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Around the Bend

Director: Jordan Roberts
Cast: Christopher Walken, Michael Caine, Josh Lucas

(Warner Independent; US DVD: 22 Feb 2005)

Bucket of Chicken

Death looms over Around the Bend. Henry (Michael Caine) desperately wants all the Lair men to pack up the van and head out on one last road trip before his passing. When his long-lost son Turner (Christopher Walken) shows up on his grandson Jason’s (Josh Lucas) doorstep, it looks like his dream will finally come true. But he dies first, leaving behind a “will” that consists of a series of clues and directions stuffed inside a Kentucky Fried Chicken bag. For the film’s focus on death and its aftereffects, the sense of loss that Henry’s immediate family feels is assumed rather than felt. With only 20 of minutes of screen time, the depth and nature of Henry’s relationship with his family is underdeveloped.

In the relaxed and observational bonus feature documentary, “It’s a Good Day: The Making of Around the Bend,” we learn that the movie took writer/director Jordan Roberts 10 years to write, with earlier versions including a more detailed backstory for Henry. Roberts’ attempt to focus on the emotional toll on the loss of a family member is observed from a clinical distance. The nearly 15 minutes of deleted scenes, mostly pertaining to Henry, point towards a different film. In his commentary, Roberts explains he cut the scenes because they did not propel the plot. But with the film already running at a scant 83 minutes, they hardly seem like overload.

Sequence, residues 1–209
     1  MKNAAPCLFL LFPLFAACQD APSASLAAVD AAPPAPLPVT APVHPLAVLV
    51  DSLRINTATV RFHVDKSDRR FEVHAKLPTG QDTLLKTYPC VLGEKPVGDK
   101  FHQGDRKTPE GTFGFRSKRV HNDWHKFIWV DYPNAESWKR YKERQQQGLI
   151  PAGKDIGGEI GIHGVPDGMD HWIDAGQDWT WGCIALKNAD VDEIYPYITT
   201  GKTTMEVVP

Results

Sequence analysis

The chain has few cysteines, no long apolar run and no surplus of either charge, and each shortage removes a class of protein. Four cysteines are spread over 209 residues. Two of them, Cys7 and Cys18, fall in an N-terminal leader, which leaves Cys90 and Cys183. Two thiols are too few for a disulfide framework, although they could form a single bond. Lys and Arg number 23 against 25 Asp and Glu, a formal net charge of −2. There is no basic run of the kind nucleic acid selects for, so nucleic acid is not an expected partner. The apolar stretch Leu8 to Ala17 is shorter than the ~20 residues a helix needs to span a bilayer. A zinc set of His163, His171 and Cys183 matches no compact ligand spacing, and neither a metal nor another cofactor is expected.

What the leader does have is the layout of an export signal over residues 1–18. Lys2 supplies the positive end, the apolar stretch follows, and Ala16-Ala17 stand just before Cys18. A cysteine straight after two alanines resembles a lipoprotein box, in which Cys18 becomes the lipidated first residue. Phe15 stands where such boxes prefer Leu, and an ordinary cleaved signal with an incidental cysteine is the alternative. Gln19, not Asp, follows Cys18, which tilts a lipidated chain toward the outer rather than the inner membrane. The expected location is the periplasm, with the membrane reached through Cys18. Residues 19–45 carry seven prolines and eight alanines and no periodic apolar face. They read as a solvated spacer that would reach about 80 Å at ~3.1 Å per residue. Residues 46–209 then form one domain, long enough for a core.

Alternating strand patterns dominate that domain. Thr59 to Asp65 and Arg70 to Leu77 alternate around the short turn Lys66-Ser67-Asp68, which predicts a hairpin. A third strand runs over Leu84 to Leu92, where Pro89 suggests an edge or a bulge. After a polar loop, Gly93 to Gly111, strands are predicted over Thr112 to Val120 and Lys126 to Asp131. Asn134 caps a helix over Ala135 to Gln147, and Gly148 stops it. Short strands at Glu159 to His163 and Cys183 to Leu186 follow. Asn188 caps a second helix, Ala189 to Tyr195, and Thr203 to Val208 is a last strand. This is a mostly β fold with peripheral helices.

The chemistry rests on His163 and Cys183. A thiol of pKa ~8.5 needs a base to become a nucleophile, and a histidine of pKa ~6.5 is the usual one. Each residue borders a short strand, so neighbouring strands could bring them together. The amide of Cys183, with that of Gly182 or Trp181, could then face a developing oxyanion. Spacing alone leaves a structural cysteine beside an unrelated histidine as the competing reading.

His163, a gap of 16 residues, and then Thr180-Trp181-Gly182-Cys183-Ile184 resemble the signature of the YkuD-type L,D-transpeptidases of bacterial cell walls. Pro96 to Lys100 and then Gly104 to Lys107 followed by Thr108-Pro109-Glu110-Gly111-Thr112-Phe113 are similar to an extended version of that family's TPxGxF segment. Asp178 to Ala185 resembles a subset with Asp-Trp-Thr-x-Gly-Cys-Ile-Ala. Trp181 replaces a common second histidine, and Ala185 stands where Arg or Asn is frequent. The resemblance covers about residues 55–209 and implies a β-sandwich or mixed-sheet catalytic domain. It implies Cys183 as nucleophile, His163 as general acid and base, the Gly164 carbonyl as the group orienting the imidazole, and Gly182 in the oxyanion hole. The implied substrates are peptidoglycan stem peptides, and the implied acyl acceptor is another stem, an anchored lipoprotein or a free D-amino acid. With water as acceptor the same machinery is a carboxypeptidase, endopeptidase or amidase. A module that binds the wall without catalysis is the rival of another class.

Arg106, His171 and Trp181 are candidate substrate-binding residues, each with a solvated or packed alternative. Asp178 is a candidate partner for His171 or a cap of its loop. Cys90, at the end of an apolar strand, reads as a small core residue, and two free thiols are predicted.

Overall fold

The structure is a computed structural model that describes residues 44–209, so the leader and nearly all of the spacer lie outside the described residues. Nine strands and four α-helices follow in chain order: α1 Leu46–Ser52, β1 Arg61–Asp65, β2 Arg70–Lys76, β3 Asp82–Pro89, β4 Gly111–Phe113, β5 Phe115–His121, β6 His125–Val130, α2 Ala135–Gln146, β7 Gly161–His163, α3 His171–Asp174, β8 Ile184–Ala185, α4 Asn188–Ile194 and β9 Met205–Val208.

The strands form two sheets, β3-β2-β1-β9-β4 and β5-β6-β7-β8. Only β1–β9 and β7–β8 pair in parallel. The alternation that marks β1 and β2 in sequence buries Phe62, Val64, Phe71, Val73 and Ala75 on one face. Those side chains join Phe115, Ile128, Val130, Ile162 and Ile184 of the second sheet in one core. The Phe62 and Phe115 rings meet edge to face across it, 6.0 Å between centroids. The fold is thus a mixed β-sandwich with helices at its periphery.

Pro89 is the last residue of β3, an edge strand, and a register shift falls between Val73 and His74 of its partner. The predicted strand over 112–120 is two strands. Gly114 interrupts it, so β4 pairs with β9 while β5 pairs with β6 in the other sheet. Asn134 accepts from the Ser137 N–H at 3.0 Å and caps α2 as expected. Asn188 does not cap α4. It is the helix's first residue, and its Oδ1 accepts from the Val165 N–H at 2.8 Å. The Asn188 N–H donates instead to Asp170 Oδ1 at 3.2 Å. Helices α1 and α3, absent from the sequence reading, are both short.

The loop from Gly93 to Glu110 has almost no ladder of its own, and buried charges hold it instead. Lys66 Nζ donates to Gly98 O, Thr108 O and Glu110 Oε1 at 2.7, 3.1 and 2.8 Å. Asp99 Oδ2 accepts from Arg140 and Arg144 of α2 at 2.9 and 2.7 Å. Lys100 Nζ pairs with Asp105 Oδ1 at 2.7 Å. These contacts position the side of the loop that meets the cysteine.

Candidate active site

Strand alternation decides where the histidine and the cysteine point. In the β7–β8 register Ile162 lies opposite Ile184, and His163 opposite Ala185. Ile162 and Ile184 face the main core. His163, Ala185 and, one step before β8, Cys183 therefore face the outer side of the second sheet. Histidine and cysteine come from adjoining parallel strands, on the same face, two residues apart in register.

Around the Bend is thankfully free of histrionic speeches and tearful outbursts, but instead takes a subtler approach. Henry’s will requires Turner, Jason and his son Zach (Lucas Bobo) to scatter his ashes at a series of pre-determined locations in New Mexico. Each day of the road trip requires them to eat a meal at KFC (Henry’s favorite restaurant) before they can proceed. Henry’s passing brings the thorny issues plaguing the Lair family to the fore, but each character struggles internally. Turner and Jason in particular dance around Turner’s unexplained disappearance, and for the most of the trip choose instead to argue over trivial matters such as Turner “insulting” Jason by calling him a “tense person.” Henry’s instructions however, will bring Turner and Jason to important landmarks that dredge up memories and force them to face events that have haunted their lives.

Early in the film Henry refers to the family as his “tribe.” He longs for them to come together, to be able to lean on each for strength and comfort. His will is a desperate attempt to bring them together in a way he could never achieve in his own lifetime. Unfortunately, the characters reconcile their differences too easily and predictably. Something tragic happened around Turner, and he and Jason have a verbal showdown at the final destination. The contrived conclusion flips the previously nuanced tone. Here death brings to the surface grudges, and misunderstandings that no bucket of chicken can resolve.

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